Thursday, October 22, 2009

Bone to Pick

I am a little peeved at the representation of rugby in this week's New Yorker "Talk of the Town" piece. They make fun of the athletes for having had injuries, for being rowdy, for drinking beer, and for singing crappy songs at post-tournament banquets.

Now, I will be the first to admit that rugby parties can get rowdy. I have seen lots of testicles in my decade of rugby and, once, on a very strange birthday I was forced into drinking Jim Beam from the severed head of a roasted pig. But you know what? My teammates and I train really hard and are outstanding athletes. The article is kind of flippant in mentioning that the US women's team is ranked 3rd in the world. That means something! Those women train their butts off, leave their families for months, leave jobs unpaid to represent this country on an athletic team.

Also? Other sports have crazy parties. I have been to the lacrosse house at Penn State. There were testicles there, too! And...adults? They drink booze. A lot! Have you seen the NFL commercials sponsored by Coors Light? And Budweiser?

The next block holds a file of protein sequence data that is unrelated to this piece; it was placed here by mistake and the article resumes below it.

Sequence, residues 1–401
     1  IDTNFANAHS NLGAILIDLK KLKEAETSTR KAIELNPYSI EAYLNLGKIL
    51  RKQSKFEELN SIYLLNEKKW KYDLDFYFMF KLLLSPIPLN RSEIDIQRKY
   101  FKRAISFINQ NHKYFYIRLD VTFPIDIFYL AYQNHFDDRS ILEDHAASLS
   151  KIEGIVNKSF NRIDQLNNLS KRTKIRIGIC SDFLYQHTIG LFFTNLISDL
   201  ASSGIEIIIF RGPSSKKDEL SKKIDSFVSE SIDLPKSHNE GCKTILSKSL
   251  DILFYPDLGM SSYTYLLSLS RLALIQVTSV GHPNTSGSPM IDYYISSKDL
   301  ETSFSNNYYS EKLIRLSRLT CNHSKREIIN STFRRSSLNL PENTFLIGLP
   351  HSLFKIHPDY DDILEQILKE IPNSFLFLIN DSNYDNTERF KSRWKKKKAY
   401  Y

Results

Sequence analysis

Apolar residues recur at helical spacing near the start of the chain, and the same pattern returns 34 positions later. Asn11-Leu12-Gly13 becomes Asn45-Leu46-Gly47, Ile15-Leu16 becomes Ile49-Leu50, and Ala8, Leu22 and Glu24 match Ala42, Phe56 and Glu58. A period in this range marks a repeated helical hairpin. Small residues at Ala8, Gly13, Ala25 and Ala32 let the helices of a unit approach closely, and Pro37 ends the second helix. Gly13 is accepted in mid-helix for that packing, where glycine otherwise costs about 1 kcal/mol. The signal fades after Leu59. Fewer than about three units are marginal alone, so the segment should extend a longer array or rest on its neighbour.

The piece suggests that rugby lost its place in the Olympics because salty fans threw bottles and rocks, as if soccer fans don't freaking commit suicide when their teams lose and other such behavior. The piece fails to mention that 15s is impractical for Olympics because of the amount of recovery time players need after a match!

Finally, pointing out gross injuries is a tired joke to play on rugby. There is all sorts of research pointing to football as super dangerous. Heck, Malcolm Gladwell wrote in the New Yorker last week that football players have so many concussions, the sport might not even be different from dog fighting if you think about it his way.

All I am saying is Hey! World? Enough with the rugby jokes. Get over it!

2 comments:

Sikora said...

Well said. You should send this to the editor!

Em said...

It's like there's been one article on rugby ever written by a credentialed journalist and all the publications pass it around, change a few words and republish it every few years.